I reached out and touched her cheek, her cinnamon brown damp hair. Carrie, I whispered, but she ignored me still. I leant back, not knowing what to think. Suddenly reminded of the time she’d sunk purposefully to the bottom of the river, dark water and hidden currents. She’d risen at last, to my chiding – and told me it was alright, as it was okay for actors. That in the depths she’d trodden the boards that were silt, moved under the lights that were just bubbles flying through the water. That as long as you knew how to act wherever you were, you’d be okay. I’d shaken my head and pulled her up the bank, dripping and shivering and grinning. She’d given me a hug, all mischief of course.
Carrie grasped at everything – seeing it all as one and the same, and so very vital. Reached out to anyone who had ever surrounded her and took them in. Gave them warmth and comfort, her love and care. Some loved her back and some hurt her as people will do. She never stopped, not even once, to see if she could pick and choose. To pause and find something in the spaces inbetween.
I’d told her once that there was a difference she just wouldn’t see. We’d argued about that, sitting on the worn wooden bench in the little meadow behind the houses. It was a place for days that were lazy, as well as the cool of late summers and their early evenings. Watching mists roll in, listening to the faint roar of life ebb and flow in the river there. Talking and disagreeing but trying to see what the other was saying. Startling the birds when we left, as we’d sit out until the moon rolled around. Carrie and me, all those times together.
Life, she had said, was just all that was given to you and all that you knew. That is our everything, she’d insist. I’d shake my head. There’s something else, I’d retort. Something that remains once you’ve taken away the words and the people and the things that have happened to you. She’d go quiet sometimes then, though I didn’t know what she thought of. She didn’t talk much of times from before, just shared glimpses. Always bright happy moments, which made me wonder what filled all the gaps. No, she’d reply briskly, there’s just what we’re given and what we find, and that is our life. I’d pass the bottle, the flask, or the paper cup, depending on what we’d brought along. The old dry grass rustling under my feet as I finally stood, declared to the stars just what I thought of her perpetual contrariness, and we’d finally collapse in giggling heaps. Sweet Carrie. That had been part of your everything, too.
We’d once shared all the same ideas, but one day I decided I had a new understanding. It had burst upon me, and I’d tried to tell her in so many breathless words as I danced along the riverbank. We’d disturbed a heron that night, and decided it was auspicious. Every word we shared was newborn, fortuitous, and would be carried aloft to new lands. I talked and talked of how I could see all those I knew and all that had happened to me, and yet also see set it to one side! That there, underneath, was something exquisite and alive. In my breathing, in the sense of my pulse. Life, all on its own, raw and undemanding and endlessly whispered. Free of all that had gone before and all that might come.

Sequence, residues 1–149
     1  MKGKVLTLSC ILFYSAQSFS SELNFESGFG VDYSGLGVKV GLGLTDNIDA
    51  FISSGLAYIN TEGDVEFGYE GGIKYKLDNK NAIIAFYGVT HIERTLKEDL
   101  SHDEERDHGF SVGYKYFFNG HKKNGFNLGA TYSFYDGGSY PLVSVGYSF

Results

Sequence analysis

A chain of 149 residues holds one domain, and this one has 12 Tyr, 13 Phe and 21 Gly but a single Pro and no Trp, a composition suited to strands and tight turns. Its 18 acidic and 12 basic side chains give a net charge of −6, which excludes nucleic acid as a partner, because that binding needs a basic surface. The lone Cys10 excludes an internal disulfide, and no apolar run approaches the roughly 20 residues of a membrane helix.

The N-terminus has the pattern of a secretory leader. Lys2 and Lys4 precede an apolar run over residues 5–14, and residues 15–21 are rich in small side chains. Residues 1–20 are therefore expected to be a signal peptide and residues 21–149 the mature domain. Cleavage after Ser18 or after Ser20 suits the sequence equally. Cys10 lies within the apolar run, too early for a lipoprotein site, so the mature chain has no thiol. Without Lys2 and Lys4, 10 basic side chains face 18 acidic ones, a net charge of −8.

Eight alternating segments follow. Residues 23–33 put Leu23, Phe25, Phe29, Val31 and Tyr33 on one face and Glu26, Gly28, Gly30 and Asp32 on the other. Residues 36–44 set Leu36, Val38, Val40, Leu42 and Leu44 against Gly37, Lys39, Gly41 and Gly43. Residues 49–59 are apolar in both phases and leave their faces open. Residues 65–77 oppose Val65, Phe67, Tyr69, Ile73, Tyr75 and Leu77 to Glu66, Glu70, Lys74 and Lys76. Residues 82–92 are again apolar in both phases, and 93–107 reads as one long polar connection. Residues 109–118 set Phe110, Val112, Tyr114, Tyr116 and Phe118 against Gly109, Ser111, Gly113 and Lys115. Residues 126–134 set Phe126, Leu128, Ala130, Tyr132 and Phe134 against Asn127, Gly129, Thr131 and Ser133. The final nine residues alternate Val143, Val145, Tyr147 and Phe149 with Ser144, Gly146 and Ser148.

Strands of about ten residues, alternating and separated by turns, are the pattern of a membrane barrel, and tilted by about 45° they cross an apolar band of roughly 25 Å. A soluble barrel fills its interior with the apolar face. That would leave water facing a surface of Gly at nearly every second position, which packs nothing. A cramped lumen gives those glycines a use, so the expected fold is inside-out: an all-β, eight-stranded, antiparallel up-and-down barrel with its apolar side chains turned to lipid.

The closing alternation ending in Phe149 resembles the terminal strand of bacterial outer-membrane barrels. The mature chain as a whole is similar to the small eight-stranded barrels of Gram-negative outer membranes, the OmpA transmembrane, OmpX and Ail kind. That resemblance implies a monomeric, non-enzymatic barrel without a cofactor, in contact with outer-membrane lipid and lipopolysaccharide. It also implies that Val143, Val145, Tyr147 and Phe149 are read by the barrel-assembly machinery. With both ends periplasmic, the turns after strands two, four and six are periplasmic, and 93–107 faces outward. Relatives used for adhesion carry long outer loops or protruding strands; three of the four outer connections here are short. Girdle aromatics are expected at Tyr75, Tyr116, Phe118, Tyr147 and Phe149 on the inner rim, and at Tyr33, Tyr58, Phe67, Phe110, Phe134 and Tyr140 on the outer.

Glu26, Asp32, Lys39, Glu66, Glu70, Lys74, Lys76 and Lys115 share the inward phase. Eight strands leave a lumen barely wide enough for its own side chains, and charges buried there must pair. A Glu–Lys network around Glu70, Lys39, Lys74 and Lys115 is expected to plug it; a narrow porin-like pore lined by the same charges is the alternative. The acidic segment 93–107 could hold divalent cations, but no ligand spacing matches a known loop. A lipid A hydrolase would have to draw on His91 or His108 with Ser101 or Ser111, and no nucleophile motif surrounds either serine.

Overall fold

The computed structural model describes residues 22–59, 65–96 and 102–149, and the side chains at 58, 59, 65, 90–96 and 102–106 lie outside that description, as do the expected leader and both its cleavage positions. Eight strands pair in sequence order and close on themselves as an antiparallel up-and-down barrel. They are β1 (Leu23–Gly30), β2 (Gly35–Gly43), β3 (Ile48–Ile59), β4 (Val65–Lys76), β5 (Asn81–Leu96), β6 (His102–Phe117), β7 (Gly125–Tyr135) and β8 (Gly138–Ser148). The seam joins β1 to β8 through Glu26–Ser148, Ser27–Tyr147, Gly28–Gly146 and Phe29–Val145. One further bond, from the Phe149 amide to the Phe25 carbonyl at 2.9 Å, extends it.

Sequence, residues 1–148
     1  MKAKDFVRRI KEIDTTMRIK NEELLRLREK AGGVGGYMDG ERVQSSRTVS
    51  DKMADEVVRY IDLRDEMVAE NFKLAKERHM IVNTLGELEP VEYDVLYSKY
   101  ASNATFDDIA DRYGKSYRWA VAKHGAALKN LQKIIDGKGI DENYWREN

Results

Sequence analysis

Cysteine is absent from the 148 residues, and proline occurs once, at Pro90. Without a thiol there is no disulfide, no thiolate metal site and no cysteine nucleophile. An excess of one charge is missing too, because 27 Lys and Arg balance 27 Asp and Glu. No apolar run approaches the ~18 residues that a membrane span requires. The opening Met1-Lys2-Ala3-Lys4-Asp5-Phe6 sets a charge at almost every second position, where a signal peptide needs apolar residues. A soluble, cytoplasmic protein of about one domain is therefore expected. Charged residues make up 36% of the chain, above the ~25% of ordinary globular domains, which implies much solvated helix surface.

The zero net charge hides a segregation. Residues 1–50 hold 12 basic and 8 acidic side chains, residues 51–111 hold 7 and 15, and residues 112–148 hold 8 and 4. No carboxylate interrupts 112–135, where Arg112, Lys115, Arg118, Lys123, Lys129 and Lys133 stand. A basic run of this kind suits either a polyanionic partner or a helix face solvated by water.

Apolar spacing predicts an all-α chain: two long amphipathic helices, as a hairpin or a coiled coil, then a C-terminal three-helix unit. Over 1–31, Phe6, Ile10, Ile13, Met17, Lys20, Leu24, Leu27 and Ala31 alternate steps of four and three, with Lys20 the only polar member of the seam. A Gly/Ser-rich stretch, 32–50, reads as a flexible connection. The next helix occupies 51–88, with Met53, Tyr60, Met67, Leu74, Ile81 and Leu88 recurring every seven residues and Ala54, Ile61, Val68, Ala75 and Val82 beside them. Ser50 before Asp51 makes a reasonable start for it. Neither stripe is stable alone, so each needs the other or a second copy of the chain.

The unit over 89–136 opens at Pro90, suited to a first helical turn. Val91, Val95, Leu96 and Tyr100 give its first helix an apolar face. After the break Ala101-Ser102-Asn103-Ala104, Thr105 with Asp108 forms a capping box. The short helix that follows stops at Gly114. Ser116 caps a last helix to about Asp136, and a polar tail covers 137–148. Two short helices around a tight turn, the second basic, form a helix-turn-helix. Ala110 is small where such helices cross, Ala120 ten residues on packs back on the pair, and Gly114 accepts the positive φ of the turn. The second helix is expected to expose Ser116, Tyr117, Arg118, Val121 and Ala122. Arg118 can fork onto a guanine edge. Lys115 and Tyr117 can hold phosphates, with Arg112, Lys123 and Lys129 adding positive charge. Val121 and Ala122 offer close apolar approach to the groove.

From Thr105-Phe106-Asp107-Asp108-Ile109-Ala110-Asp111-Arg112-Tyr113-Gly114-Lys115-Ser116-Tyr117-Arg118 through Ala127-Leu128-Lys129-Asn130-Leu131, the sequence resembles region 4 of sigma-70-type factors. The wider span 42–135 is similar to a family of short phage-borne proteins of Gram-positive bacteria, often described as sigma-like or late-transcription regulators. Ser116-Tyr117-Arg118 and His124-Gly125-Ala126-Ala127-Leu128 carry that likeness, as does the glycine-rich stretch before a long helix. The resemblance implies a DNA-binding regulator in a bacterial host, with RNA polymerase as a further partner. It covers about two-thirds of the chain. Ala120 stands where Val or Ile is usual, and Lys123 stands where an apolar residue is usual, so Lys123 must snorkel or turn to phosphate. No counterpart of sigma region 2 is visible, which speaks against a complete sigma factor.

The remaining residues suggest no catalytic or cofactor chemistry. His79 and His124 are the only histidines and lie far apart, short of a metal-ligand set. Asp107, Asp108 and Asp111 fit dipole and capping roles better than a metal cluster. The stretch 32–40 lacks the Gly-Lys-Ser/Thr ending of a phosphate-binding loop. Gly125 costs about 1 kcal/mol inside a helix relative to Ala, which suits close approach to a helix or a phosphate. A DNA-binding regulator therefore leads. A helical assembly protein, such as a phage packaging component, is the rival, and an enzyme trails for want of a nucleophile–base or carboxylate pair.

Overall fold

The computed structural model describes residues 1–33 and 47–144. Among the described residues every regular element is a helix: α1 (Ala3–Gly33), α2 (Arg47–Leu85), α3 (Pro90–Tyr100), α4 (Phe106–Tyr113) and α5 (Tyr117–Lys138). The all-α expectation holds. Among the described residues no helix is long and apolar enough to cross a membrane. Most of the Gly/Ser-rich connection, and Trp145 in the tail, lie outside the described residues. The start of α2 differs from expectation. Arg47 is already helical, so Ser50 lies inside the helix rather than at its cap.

No, she’d always tell me, that’s just your blood echoing. It’s biology, it’s not special – it’s not other-people special. That’s what she used to call it, and I remembered the evening light falling on her face as she said it. Carrie would reject this every time I spoke to her of it again. It was somehow all too dear to her, and she wouldn’t let anything go. Thought all her obligations and fears and loves as inescapable as the pulse in her wrist. She seemed to be waiting for someone else to carry them for a while, if they could prise away her child-like little fingers. As if someone could do that, in our heads, where time runs amok and we’re the ones who shuttle it to and fro. Binding the threads, snapping frayed ends and locking away the parts we do not want anyone to see.
This evening, back here and so long since that night, I recalled her words on the phone earlier. A brief conversation unlike all the others. Meet me there, she’d said. I want you to be there first, and I’ll come and find you.
I’d gone and sat for a while, enjoying the warmth of the late afternoon. Kicked at the dust under the bench that was partly us and partly the earth that had come before. Watched a dragonfly dart, the ash trees gently nodding. After a while I’d gone for a walk, wondering if this was some prank. Circled the meadow, tearing some seedheads to feel the sharp husks as I rolled them between my palms. Teeth, she’d always called them, trying to bite us before we eat them. Birds had called out, flew on, and eventually come round to roost. I mused, and mulled, and eventually left. Decided to call in at hers on the way home, still wondering what she’d meant, or whether she’d just forgotten.
She was lying still, in the hallway, her mother sat near her. Just staring. The paramedics had cleaned her up and were about to take her away. Her skin was cool, not my Carrie at all, although I knew that cinnamon hair. It wasn’t meant to be like that, all dull strands and dampness. Her mother asked me, did you know? As if anyone could ever know this. As if I could explain what she thought of living, and how that might be a reason. As if everything she wouldn’t set aside could ever add up to this.
I want you to be there first, she’d said. How could I ever know why or what she’d meant? How would our place in the meadow ever know, or the ladybirds we had caught or the rabbits we had chased to keep them safe. I knew there was no sense to it, or to any of my thoughts right now – but I wished she could at least have seen it all as I did, just the once. Perhaps then she might have figured out how to be an actor in the water for a little while longer.